Company: Sony Corporation
Compatible: iPod 1G, 2G, 3G, 4G, iPod mini, iPod photo, iPod shuffle
Sony MDR-E888LP Fontopia Earphone
Upon receiving a set of Sony E888 earphones recently, I was eager to try them out and especially to compare them to the Apple earphones.
Opening the box they were shipped in, I saw the provocative purple package marked ‘N.U.D.E.’ in large letters. I’d seen this on a few websites while researching these and never really knew what it meant. One voyage to Google and Sony.com, I still have no idea. I tore off the plastic cover and pulled out the purple alien spaceship carrying case, struggled to remove the earphones from it and plugged them into the iPod for immediate listening.
It took me a little while to get the hang of the carrying case, and once I did I was left wondering why my brain should need to be exercised to take out or put away my earphones. The cord design causes a few problems with storage. Specifically, the cord doubles back on itself so that it goes straight from the plug up to the left ear, then swoops back down under the chin to the right ear, making the cord to the right headphone significantly longer. It was suggested, by the method by which the cord was placed in the packaging, that I fold the cord in the middle of the right earphones’s cord, leaving a disconcerting, warped fold. The unequal lengths also made it difficult to drape the earphones around my neck, as I usually do.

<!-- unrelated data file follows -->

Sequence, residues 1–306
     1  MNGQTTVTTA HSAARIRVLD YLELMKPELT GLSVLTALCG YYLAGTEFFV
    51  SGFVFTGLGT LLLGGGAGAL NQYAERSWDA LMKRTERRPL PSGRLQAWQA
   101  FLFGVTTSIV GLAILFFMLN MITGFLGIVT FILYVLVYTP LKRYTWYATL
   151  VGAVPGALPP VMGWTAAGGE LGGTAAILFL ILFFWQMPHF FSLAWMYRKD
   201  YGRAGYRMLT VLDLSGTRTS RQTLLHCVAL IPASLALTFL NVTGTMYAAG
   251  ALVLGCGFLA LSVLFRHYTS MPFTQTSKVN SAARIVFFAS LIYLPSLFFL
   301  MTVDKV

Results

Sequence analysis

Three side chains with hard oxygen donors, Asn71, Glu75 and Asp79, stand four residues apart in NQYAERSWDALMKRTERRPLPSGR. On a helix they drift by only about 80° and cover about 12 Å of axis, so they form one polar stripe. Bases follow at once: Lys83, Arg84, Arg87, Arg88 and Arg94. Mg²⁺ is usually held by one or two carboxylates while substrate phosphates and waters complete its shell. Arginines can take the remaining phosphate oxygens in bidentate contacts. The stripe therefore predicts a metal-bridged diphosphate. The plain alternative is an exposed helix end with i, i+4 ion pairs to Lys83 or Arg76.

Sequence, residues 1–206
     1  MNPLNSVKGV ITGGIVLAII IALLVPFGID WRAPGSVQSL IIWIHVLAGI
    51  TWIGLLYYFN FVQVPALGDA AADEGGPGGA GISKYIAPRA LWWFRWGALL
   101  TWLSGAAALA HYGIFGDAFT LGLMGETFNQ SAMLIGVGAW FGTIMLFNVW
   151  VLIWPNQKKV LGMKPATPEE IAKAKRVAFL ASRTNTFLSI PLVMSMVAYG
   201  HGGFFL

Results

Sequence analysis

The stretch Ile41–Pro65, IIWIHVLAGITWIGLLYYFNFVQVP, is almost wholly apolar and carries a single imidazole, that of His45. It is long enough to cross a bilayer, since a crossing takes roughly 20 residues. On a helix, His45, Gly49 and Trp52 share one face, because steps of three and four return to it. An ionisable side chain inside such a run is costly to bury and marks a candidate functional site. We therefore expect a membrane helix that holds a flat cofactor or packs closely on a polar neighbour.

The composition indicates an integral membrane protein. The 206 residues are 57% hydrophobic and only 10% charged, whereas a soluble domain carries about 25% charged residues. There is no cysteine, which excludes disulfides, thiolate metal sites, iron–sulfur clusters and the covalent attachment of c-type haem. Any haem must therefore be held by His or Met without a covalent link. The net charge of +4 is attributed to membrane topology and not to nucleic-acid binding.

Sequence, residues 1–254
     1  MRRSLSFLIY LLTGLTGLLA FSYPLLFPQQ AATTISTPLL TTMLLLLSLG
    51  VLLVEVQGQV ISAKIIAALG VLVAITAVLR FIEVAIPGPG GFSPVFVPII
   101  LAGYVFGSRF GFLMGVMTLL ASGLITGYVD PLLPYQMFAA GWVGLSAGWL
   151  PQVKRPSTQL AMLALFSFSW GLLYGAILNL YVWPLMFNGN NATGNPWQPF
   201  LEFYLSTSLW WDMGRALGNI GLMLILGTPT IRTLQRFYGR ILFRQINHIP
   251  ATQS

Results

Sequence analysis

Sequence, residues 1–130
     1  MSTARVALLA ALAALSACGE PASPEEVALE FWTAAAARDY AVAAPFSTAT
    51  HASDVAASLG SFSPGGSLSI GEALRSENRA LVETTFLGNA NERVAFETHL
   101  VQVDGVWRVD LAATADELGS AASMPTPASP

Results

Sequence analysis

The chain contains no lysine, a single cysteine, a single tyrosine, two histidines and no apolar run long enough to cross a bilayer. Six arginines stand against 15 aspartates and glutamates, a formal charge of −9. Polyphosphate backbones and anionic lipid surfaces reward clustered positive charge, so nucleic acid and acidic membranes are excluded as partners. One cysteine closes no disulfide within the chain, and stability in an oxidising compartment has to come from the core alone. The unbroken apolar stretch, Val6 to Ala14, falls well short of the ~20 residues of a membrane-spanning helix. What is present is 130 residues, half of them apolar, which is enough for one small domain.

Having read several reviews of various headphones before getting my iPod, I was sure that the provided earphones would reproduce my music something like a single, torn tweeter would, so when I got them I was pleasantly surprised by their quality. I wouldn’t say that the E888s completely changed my mind, but they perked up my ears to demand at least a slightly higher standard.
Apple seems to have a freakish fascination with glossy, shimmering objects… my iPod, iMac and OS X. Plugging the E888s into the iPod remote, I realized I had been hearing a glossy shimmer in my music as well. First, all I heard from the E888s was vaguely better quality audio. At some point, however, in my right ear I heard cymbal action on ‘Amnesiac’ by RadioHead that I had never heard before. This drew me in to listen more closely to each general frequency of sound. A note that was once a bassy goo was now clearly a bass guitar and a bass drum striking at the same time. While the old iPod earphones seemed to point and say “there’s bass happening down here somewhere,” the E888s vividly described it so that I felt that if I heard any more, I’d know what Thom Yorke had for breakfast.
After their impressive display with Radiohead, I put my iPod on random play and listened through Bach, Paul Simon, Foo Fighters, Outkast, Blondie and a few others, switching headphones and relistening. The results were the same. The E888s reproduced sound like a champ.
For casual listening, these earphones may not warrant their price, but if you occasionally like to bury yourself in music, it might be worth at least considering the investment.